Paramedic Van Buskirk, a tall, hefty man, joined burly Wilson, cutting and peeling clothing from the boy's flesh. And then there was the seriously burned 36-year-old woman (Mindy Ann Lovel) on the lawn across the street needing help.

Nellist's report continued, "It was learned that Mr. Camacho had witnessed the accident and had suffered smoke inhalation as he and a neighbor, Edgar Hughes, rescued Ms. Lovel and her son from the burning automobile."

Meanwhile, Capt. Warren and Engineer Cahill of Eureka Engine 4 oversaw the dying fire while Firefighter Goodlive joined Wilson and Van Buskirk in applying cooling saline solution and clean towels to the two burn victims. They prepared to lay the boy and the woman on backboards, and locking them in cervical collars to minimize bone and nerve damage.

As the second ambulance arrived, Christine Cox, a dark-haired relative newcomer to the crew, recalled the burned woman greeting her with "Hi, Chris." Cox was shocked to recognize Lovel, who was known to her from earlier encounters -- and who "was so badly burned I didn't know who she was at first," Cox said.

With Van Buskirk's help, Cox and her partner loaded the burned mother and son into their ambulance and headed for General Hospital, whose emergency staff had been alerted to call nurses from other floors.

It was then that Van Buskirk saw, among the crowd of people, a third victim lying on the lawn, suffering from scorched lungs and burns.

The victim was Joe Camacho, who, by all reports, had pulled Mindy and Patrick Lovel from their burning car.

Van Buskirk determined that Camacho needed hospital help.

Camacho protested he couldn't afford the ambulance.

"Your health comes first," Van Buskirk told him. "Worry about paying later." So Van Buskirk's ambulance followed Cox's to General Hospital emergency (and Van Buskirk saw to it that Camacho's ride was free).

Camacho's neighbor, Ed Hughes, a shy man, had disappeared after helping with the rescue into his own house. His arms and face were scorched from helping Camacho, but Hughes' burns were milder than Camacho's, and, being a welder, Hughes knew how to care for his burns.

By just after 7 p.m. both ambulances had disappeared. With the victims attended to, the crews commenced cleanup and investigation.

It appeared the burnt Dodge had swerved out of control at a lively speed heading west on Hodgson, managing to clip one moving car, and two parked cars, spinning 180 degrees, and in the process losing its rear axle and wheels en route to its fiery end a full block from where the trouble began.

Its gas tank, dragging the pavement, had sparked across a steel utility hole cover, setting the car afire. Two in the car escaped with minor hurts. Mindy Lovel, in front, and Patrick, in the rear, suffered most.

It was up to Capt. Nellist of Engine 11 to ensure that everyone who had needed help was offered help, so he spent the next hour interviewing drivers and owners of the cars involved. Then to General Hospital where another 20 minutes' questioning survivors satisfied him.

Then yellow Engine 11, with Nellist, Wilson and Nix, drove safely home to Redwood Acres, available from 8:18 p.m. for the next emergency.

Meanwhile, red Eureka Engine 4, with Capt. Warren, Engineer Cahill and Firefighter Goodlive, had long since returned to headquarters on Sixth Street and had been available for call by 7:29.

So, too, the ambulances had been cleared of their burdens by shortly after 7, though they would be called just hours later to transfer Mindy Lovel and her son Patrick to the airport for a trip via Mercy Air Ambulance (summoned from Redding) to the St. Francis Burn Center in San Francisco, where they were to undergo treatment into September.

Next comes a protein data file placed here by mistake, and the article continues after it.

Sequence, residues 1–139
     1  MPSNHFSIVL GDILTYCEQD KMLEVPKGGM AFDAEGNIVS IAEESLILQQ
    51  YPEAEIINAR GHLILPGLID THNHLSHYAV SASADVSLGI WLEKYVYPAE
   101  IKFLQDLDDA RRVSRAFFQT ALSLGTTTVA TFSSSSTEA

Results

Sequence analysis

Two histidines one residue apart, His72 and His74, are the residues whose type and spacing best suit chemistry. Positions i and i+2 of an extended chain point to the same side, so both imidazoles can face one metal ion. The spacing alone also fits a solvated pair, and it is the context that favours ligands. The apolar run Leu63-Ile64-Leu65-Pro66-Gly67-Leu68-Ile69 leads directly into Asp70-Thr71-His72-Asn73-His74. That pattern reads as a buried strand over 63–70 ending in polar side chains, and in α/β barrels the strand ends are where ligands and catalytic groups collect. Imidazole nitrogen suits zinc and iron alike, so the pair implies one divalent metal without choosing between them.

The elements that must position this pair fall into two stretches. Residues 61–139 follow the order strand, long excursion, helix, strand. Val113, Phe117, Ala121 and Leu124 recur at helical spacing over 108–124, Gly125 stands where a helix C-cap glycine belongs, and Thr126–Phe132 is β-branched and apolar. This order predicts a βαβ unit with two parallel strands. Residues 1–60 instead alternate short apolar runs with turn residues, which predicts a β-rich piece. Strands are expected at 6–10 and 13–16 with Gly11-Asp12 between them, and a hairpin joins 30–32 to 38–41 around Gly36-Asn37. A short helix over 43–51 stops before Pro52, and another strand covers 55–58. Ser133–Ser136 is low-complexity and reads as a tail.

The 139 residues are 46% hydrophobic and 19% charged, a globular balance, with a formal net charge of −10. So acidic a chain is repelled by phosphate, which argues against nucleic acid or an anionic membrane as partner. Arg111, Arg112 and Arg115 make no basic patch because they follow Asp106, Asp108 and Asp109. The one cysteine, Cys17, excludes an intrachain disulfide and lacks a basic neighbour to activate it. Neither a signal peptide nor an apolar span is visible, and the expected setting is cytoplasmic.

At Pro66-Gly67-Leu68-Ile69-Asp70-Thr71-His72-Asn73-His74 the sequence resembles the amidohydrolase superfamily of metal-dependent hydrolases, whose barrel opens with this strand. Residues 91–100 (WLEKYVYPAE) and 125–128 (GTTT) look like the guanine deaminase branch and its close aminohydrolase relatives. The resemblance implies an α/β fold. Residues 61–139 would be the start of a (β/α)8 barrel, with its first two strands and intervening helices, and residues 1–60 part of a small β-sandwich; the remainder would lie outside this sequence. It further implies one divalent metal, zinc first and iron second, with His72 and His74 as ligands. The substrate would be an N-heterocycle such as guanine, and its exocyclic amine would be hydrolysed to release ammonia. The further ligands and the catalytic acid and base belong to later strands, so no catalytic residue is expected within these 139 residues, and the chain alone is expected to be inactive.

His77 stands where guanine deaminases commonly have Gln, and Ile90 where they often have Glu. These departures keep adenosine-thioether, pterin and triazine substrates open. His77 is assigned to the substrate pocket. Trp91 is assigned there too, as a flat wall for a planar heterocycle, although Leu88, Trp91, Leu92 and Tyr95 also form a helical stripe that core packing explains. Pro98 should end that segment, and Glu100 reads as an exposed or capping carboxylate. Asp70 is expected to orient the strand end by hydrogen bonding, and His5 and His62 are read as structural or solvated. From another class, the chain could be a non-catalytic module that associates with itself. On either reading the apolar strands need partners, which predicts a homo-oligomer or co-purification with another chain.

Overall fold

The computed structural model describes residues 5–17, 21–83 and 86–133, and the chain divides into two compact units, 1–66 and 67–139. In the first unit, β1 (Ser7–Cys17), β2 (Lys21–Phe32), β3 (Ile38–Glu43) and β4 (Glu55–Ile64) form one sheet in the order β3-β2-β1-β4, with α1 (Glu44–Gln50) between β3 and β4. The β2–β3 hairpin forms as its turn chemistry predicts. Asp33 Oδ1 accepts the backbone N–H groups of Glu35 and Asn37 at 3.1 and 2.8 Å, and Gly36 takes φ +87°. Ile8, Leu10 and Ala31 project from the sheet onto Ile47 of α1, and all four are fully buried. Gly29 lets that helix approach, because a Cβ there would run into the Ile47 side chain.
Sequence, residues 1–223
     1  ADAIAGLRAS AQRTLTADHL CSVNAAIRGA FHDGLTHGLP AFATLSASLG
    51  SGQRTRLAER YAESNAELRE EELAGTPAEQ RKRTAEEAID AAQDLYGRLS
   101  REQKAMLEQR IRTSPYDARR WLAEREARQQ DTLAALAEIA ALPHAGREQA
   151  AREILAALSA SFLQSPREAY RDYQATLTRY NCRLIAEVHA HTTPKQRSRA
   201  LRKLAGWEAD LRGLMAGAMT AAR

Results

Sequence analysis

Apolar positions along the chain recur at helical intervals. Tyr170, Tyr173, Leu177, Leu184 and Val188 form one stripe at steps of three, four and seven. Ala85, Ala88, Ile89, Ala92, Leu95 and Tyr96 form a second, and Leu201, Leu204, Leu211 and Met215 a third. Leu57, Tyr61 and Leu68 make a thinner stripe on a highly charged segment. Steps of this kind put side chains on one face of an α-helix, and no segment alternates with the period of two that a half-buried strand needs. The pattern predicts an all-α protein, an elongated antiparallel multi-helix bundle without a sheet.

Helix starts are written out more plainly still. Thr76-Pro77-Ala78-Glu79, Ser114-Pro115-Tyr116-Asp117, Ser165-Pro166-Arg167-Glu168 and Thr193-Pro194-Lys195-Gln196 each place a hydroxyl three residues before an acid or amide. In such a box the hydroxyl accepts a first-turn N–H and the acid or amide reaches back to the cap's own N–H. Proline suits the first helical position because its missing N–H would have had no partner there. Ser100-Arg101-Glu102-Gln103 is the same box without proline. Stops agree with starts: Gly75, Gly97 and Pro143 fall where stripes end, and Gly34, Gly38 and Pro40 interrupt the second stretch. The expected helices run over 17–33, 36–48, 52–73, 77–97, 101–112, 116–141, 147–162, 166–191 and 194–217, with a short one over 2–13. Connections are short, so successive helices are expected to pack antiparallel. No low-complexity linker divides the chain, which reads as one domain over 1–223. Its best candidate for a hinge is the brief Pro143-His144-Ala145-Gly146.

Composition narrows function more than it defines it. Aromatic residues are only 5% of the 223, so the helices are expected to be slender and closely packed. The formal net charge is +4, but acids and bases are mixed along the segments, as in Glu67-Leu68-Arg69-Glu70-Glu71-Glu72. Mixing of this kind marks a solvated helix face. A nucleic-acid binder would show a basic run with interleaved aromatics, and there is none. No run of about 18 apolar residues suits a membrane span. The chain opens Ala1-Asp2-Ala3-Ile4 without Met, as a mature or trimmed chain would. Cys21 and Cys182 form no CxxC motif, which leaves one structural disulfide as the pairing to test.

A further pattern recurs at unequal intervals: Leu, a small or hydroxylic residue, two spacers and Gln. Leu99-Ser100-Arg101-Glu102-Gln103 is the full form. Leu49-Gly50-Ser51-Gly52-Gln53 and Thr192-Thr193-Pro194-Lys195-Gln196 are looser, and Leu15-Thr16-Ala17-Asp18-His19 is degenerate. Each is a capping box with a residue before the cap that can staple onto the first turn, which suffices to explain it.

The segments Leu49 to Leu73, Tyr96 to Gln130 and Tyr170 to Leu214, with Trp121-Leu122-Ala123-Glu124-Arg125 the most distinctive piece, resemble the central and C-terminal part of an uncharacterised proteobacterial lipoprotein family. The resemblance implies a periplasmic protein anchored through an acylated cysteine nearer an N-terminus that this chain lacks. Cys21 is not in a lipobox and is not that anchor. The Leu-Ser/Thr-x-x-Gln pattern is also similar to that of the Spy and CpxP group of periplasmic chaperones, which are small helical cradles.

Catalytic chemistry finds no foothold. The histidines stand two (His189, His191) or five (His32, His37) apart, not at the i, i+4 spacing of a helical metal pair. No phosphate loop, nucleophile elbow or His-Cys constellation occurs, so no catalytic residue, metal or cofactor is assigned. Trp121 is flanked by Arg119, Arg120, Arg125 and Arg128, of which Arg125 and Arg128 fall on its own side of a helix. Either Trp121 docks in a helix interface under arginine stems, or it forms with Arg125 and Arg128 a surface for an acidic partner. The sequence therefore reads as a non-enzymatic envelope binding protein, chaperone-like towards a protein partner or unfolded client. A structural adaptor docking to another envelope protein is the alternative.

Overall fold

It was left for Officer Fuller to write the police report.

At 7:04 Officer Fuller had called for Officer Kevin Lawson to join him for photos of the scene, and for help collecting data.

At 7:24 Fuller asked for three tow trucks, two from Pacific Towing, one from Six Rivers Towing, to take the disabled cars away. Gone were Officers Howden and Mechals from their posts as traffic controllers.

Darkness was upon Fuller as he and Lawson pondered evidence with watch commander Zanotti for a report which -- unbeknownst to them -- would later serve as the basis for eventual Carnegie Hero awards to Camacho and Hughes

Officer Lawson and Sgt. Zanotti left the scene at 7:43.

At 8:20 Officer Fuller drove his black-and-white Mustang to General Hospital for a checkup on the victims.

By 9:57, scarcely more than three hours after the crash, he was available for further duty.

Joe Camacho's free ride saved him some $600. For those without insurance MediCal covers so small a portion that the price for those who can pay is sharply inflated.

The fire and law enforcement costs are borne by taxpayers.

The 911 system is supported by a few pennies a month on our phone bills under the entry "Tax 911." According to Dee Dee Wilson, acting communications manager for the Eureka Fire/Police, whose "PSAP" is the North Coast's busiest, she and her dispatchers respond to about 60 police and 15 fire calls a day, though in crises, like last December's fierce windstorm, they took 50 calls in two hours.

Tucked in the corner of the yellow Co-Op building at First and E streets, in Old Town Eureka, lies a cluster of tiny offices known as North Coast Emergency Medical Services.

Through the work of Executive Director Larry Karsteadt, Clinical Coordinator Curt Watkins and Training Coordinator Judy Haines this Joint Powers Agency, funded by federal, state and local funds, keeps watch on the North Coast "tourist corridor" emergency medical services system.

Karsteadt describes EMS's overall role "to make sure all components of the EMS system," including citizen bystanders like Hughes and Camacho, dispatchers like Sauls and Cooper, first responders like Nellist's Engine 11, ambulance providers like Van Buskirk and Cox, and hospital emergency nurses and physicians "function effectively."

North Coast EMS, among many tasks, plans training, coordinates agencies, serves as a link with other EMS organizations, and educates the public to its role in public safety.

EMS was instrumental in funding and installing a dozen new call boxes along Highways 101, 299, 29 and 20, and in the works is a Humboldt County-directed effort to revamp the dispatch system to combine the present four-way split between Arcata, Eureka and the Humboldt Sheriff (Fortuna abstaining), along with an upgraded system by which dispatchers -- many locally trained -- can offer a wider range of emergency medical advice to 911 callers.

Case in point: Bill Reynolds, 20, dispatcher for Eureka Fire/Police, not long ago saved a Cutten baby's life over the phone by directing the choking child's father how to administer mouth-to-mouth resuscitation and, failing that, instructed him in chest thrusts (two fingers, five taps).

The thrusts worked.

When the ambulance arrived the baby was starting to breathe.

Is Reynolds a hero?

"Everybody in emergency services is a hero," Reynolds declared.

-END-